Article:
During a recent “closed session” with County Manager Bruce Shell, some commissioners agreed to “explore” a deal to buy the Break Time Billiards and Ten Pin Alley with three and one-half acres of parking next to the county Municipal Center. link Chairman Jonathan Barfield thinks it may be a “win-win for the county.” But would it be a win for taxpayers?
We also wonder if Barfield offered Commissioner Brian Berger a partnership in his taxpayer-funded county government real estate business. Berger agrees with Barfield. He said this deal will pay for itself. Not likely, Brian.
First, according to Commissioner Rick Catlin, there is no need for this building and in public ownership it would be taken off the tax rolls— burdening other taxpayers. Further, Commissioner Ted Davis opposes the deal because of adding to our already large debt load. On this issue, these guys represent the interests of county constituents as opposed to Barfield’s goal of increasing government interests. Is Berger going along to get along?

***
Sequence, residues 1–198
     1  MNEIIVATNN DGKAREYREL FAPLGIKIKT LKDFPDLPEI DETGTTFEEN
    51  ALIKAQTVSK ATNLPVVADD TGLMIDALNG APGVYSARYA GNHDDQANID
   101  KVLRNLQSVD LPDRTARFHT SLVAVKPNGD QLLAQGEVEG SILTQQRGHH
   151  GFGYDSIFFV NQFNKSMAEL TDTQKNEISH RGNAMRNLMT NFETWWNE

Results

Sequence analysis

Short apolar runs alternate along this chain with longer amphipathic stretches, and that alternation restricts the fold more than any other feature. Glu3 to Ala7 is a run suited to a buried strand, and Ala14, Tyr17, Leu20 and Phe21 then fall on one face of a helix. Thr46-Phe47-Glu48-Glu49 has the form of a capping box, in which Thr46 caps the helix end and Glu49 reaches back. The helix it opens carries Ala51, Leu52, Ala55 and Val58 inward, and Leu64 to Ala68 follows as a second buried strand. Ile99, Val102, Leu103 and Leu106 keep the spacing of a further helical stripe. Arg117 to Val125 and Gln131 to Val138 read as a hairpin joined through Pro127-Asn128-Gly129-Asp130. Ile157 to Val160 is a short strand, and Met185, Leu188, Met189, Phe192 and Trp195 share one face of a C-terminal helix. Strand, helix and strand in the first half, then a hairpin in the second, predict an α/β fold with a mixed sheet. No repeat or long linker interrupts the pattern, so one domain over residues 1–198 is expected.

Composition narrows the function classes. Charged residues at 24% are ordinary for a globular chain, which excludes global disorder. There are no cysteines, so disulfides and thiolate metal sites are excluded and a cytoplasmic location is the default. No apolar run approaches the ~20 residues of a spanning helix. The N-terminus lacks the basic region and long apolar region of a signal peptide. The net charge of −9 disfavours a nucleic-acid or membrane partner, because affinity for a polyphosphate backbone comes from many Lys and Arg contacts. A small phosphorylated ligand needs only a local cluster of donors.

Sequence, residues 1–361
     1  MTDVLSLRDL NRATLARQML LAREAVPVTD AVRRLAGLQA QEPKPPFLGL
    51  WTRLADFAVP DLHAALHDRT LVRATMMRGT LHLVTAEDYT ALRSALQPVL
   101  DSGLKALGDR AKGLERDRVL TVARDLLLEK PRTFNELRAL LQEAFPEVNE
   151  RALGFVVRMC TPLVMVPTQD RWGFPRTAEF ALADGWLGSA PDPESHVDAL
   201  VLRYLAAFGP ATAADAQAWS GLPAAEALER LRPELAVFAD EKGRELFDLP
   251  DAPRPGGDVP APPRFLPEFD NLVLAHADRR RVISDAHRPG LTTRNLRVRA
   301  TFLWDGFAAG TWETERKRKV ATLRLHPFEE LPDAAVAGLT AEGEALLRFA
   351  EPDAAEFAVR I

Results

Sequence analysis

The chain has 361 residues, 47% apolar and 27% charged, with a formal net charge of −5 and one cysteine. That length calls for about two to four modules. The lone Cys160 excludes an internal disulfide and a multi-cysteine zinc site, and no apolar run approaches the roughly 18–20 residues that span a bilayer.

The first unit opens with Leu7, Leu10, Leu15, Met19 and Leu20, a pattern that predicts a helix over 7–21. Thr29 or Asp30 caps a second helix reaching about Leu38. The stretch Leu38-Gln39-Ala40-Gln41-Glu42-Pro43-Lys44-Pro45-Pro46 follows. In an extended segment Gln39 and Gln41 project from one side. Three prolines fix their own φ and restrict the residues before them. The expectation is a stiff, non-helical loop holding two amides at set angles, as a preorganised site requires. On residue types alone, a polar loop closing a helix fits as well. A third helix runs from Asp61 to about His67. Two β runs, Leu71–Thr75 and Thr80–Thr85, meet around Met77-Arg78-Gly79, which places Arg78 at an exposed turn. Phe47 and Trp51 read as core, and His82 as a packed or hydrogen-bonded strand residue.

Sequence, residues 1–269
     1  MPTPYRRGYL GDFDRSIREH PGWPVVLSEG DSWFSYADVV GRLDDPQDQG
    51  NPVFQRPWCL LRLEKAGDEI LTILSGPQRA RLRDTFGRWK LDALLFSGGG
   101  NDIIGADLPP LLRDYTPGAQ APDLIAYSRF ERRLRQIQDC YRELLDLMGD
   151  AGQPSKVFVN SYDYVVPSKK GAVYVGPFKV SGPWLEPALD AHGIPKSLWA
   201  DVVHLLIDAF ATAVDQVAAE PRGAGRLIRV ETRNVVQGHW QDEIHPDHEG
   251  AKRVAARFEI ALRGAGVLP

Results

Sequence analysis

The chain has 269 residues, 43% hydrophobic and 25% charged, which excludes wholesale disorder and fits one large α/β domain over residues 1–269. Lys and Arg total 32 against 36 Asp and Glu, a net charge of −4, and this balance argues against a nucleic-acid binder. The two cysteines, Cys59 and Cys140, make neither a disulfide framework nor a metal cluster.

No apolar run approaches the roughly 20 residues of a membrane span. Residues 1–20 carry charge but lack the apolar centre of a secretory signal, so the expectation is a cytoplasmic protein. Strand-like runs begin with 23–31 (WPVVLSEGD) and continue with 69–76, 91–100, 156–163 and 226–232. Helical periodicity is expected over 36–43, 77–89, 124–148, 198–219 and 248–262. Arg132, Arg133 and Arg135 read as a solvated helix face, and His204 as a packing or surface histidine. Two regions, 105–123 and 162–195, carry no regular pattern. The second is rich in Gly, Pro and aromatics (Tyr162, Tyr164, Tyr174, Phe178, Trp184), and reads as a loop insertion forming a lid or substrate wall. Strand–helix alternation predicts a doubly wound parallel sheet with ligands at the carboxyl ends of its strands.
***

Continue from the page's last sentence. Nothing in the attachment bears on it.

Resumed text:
Recently back in the public arena after some bizarre personal problems—and counseling by Barfield—Mr. Berger seems to have his mind right; to the left. As a candidate, Berger ran on a “conservative” platform. Now he has sided with Barfield’s “Serving the Needs of Others” agenda—code-words for his interests in expanding government and charitably spending other people’s money.
Owners of the property, assessed at more than $3.3 million, would sell it to county officials (who must borrow the money adding to our public debt from other land deals) and lease it back with a renewal option; off the tax roll for seven years—a win for the owners.
In addition, if Barfield manages to increase the size of county government and fill the building with public employees, the cost of renovation to convert the alleys, pool hall and bar into offices—now unknown—will be another big expense that productive private workers will be taxed to pay for—a no-win for them.Read full article » No Comments »